Tolerance and diversity are words usually used by the Left in academia to squash freedom of speech, especially among conservatives. How would you define the true role of tolerance?—Luciana E. Milano, Harvard University
J. Budziszewski: The liberal rationale for toleration grounds it on an incoherency: supposedly we put up with some bad and false things because we suspend moral judgment about the good and true. But if we really suspended judgment, it would be hard to see why anything should be tolerated—or why anything shouldn’t be tolerated, or, if we are going to be tolerant, which things should be tolerated and which things shouldn’t be. Actually, the nonjudgmentalist wants only his opponents to suspend judgment. He rams through his own moral judgments by pretending that they aren’t moral judgments.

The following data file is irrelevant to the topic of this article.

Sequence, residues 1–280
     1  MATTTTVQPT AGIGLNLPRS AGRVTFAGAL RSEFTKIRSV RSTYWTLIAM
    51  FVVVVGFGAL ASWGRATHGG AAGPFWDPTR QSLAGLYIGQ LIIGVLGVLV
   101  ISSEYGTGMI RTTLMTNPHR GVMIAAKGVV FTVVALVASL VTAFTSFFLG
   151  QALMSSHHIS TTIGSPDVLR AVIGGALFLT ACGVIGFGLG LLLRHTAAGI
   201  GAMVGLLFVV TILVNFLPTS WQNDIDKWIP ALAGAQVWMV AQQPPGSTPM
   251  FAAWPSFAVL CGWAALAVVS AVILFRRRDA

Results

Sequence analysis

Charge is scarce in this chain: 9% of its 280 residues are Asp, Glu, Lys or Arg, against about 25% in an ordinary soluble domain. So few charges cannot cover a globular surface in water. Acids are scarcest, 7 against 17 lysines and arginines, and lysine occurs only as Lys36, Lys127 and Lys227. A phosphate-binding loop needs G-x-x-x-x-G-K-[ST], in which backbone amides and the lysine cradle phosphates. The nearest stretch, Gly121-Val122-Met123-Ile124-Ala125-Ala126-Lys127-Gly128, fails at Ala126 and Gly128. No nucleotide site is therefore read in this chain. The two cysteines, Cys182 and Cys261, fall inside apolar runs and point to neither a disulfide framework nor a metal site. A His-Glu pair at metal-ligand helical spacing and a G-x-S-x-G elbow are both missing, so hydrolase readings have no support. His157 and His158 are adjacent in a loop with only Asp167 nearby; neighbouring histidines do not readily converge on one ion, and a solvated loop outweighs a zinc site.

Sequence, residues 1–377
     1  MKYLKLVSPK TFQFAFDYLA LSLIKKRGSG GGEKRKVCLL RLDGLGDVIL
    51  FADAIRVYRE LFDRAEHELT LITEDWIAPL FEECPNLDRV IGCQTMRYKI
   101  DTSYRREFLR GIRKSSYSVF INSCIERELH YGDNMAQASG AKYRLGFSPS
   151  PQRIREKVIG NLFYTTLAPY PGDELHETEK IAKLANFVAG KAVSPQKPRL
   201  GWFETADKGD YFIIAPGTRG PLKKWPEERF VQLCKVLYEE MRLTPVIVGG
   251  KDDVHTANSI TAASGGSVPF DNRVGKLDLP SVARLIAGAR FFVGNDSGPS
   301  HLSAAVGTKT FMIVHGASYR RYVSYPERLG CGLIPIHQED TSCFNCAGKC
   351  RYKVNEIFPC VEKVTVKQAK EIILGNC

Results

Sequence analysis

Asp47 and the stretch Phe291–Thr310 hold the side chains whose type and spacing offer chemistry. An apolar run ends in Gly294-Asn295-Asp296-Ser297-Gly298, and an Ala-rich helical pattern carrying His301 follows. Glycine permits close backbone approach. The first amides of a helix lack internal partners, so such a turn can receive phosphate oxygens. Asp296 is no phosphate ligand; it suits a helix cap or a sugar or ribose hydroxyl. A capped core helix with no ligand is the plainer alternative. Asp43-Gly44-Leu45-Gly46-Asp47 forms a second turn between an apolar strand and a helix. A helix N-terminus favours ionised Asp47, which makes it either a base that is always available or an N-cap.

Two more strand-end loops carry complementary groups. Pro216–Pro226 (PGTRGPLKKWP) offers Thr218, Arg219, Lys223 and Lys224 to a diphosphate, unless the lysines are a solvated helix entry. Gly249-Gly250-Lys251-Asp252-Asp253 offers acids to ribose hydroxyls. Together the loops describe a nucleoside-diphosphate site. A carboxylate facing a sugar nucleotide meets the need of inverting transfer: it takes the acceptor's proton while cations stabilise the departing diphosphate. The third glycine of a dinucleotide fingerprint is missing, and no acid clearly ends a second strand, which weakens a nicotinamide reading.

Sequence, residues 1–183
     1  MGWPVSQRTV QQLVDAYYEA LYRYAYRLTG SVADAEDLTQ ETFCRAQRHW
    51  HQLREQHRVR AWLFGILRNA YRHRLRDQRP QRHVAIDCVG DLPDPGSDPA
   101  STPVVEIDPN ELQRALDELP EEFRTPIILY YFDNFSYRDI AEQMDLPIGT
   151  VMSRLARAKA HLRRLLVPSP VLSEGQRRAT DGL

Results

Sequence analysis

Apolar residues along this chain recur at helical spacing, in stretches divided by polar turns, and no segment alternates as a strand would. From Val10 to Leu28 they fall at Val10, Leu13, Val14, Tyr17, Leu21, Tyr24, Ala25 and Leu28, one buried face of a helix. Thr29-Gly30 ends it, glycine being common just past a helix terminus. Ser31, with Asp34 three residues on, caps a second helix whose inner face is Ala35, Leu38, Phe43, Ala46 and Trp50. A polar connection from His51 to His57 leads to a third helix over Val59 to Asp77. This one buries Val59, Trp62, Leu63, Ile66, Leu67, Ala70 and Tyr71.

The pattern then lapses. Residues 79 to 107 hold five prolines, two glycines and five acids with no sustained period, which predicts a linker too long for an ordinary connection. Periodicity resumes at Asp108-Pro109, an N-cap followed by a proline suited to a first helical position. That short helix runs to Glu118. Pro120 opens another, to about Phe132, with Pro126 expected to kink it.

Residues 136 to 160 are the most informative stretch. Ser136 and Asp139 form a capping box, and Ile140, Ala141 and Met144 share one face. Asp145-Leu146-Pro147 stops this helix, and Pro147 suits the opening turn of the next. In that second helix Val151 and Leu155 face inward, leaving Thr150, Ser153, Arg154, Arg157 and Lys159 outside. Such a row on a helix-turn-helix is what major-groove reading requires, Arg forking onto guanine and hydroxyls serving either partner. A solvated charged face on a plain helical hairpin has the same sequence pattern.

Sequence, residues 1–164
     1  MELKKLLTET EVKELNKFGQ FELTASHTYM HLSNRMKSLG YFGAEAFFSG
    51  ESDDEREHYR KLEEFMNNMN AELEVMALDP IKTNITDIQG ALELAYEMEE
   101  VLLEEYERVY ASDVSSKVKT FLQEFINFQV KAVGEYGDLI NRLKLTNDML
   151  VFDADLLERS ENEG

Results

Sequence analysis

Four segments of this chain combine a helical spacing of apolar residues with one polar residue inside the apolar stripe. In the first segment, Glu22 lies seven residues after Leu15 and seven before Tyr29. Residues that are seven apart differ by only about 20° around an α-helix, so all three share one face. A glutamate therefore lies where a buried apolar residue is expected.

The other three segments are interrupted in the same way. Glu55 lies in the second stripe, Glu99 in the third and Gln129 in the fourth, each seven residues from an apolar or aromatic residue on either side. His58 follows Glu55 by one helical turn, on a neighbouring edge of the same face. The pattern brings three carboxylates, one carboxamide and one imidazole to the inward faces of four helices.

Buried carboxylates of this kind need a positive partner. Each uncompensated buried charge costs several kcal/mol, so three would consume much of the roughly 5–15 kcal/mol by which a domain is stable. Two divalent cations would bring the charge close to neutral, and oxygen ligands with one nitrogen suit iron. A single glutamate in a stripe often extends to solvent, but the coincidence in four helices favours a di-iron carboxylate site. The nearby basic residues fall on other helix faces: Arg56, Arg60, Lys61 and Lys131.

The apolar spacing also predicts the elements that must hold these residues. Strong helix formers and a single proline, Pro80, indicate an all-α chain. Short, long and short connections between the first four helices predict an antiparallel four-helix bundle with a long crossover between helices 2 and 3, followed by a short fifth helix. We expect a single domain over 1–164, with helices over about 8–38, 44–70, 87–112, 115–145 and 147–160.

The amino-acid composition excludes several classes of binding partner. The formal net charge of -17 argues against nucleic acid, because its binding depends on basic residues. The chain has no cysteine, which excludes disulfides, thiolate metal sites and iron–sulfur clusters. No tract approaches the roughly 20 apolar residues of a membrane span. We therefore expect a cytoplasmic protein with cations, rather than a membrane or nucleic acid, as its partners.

By contrast, the classical rationale for toleration grounds it on a paradox: we put up with some bad and false things because the nature of the good and true demands it. For example, we don’t coerce faith, because as St. Hilary of Poitiers said, God does not desire unwilling obedience; we don’t repress the expression of false opinions, because debate helps us find our way to the truth. Notice, then, what true toleration requires: not suspending judgment but judging more adequately.
Meanwhile, Marcel LeJeune has a good post up for the Aggie Catholics blog about judging--that was the subject of the readings this last Sunday, after all.